OMB, agencies to push green IT in contracts
- By Mary Mosquera
- Dec 05, 2007
The Office of Management and Budget is expected to publish next week a provision to the Federal Acquisition Regulations to purchase environmental and energy-saving electronic products when they are available, Holly Elwood, headquarters lead of the Environmental Protection Agency’s Electronic Product Environmental Assessment Tool (EPEAT) program, said today.
The tool is a standard for computers, laptop computers and monitors to measure electronic stewardship and energy savings. EPEAT and other agencies have worked with OMB to encourage the use of EPEAT products in contracts.
It has been up to agencies to voluntarily include contract language about buying green information technology into individual proposal requests. With the FAR provision, it will become federal procurement policy. The provision supports the goals set by President Bush’s Jan. 24 environmental executive order to reduce greenhouse gases through electronic stewardship and energy savings.
The Energy Department plans to make the purchase of environmentally friendly and energy-saving products a procurement standard early next year to mirror OMB’s requirement, said Jeff Eagan, electronics stewardship coordinator in Energy’s Office of Environmental Policy and Assistance. Energy’s structure, in which its labs and facilities operate through a contract, needs direct implementation from the department, he said.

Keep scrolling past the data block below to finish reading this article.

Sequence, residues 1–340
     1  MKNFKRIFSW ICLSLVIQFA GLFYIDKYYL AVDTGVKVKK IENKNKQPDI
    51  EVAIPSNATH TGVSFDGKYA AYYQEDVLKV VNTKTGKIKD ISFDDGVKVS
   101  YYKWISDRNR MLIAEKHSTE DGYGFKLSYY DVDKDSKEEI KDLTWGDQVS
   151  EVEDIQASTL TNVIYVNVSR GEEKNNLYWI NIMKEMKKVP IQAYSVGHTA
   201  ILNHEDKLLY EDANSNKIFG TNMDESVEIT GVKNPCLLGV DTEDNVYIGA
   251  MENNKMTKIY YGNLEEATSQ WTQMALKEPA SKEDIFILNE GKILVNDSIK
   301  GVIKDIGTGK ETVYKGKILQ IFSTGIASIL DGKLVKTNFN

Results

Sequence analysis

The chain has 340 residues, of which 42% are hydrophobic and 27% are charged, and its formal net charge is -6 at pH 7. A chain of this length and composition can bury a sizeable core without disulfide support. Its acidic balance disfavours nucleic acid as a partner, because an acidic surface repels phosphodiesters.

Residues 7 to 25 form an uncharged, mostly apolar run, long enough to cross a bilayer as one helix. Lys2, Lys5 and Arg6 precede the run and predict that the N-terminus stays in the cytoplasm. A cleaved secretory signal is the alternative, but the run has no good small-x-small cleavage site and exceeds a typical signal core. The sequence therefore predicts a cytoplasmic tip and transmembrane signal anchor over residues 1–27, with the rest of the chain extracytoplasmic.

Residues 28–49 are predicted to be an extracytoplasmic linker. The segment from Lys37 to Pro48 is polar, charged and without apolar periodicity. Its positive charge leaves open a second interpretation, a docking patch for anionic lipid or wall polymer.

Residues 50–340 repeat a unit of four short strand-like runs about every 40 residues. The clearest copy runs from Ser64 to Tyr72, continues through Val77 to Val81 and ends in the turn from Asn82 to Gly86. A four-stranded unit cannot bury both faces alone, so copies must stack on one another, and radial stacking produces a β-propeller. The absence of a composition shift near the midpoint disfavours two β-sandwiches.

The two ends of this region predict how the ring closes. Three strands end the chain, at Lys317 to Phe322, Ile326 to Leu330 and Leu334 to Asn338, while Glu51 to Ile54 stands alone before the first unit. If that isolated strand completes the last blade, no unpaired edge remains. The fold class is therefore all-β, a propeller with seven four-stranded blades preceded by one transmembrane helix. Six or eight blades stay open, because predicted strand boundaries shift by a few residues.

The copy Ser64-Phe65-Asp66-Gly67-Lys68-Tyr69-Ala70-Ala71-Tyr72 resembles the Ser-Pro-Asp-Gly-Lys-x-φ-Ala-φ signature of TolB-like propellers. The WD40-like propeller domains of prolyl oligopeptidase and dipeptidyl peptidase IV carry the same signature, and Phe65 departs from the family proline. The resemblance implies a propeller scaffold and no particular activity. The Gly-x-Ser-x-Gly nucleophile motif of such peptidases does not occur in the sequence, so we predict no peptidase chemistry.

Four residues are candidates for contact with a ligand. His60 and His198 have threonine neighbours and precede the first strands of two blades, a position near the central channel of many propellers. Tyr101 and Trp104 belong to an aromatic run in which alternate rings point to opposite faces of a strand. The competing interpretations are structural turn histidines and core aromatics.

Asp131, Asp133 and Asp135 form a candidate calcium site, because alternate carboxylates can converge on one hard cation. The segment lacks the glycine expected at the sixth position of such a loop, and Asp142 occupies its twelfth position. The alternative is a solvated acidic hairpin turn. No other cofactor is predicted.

“As soon as the FAR clause is published, Energy will publish a Department of Energy Acquisition Regulation amendment to require EPEAT. We will do it as fast as we can,” Eagan said at today’s Green Computing Summit, sponsored by the eGov Institute, a division of Federal Computer Week’s parent company, 1105 Media.
Energy has been an early adopter of EPEAT products. It has integrated EPEAT into agency requirements and purchased more than 10,000 EPEAT computers, valued at more than $10 million, in fiscal 2007, Eagan said. Energy will be the first agency to collect EPEAT purchasing data for 2007 across all its major facilities in January 2008 or early in the first quarter of next year. Although some more centrally controlled agencies may also do a count, Energy has the widest use of EPEAT products, he said.
“We have found that EPEAT is a remarkably useful tool,” Eagan said. Also, agency facilities are putting it in their environmental management systems.
There are 715 products in the category for computers, laptops and monitors that are EPEAT-certified from 24 manufacturers, Elwood said. In February 2008, EPA and other EPEAT stakeholders will meet to begin scoping standards and environmental attributes for imaging equipment and in April for televisions, she said.
An OMB spokeswoman said the interim rule on the use of the EPEAT standard when acquiring personal computer products will come out by the end of the year.
Mary Mosquera is a reporter for Federal Computer Week.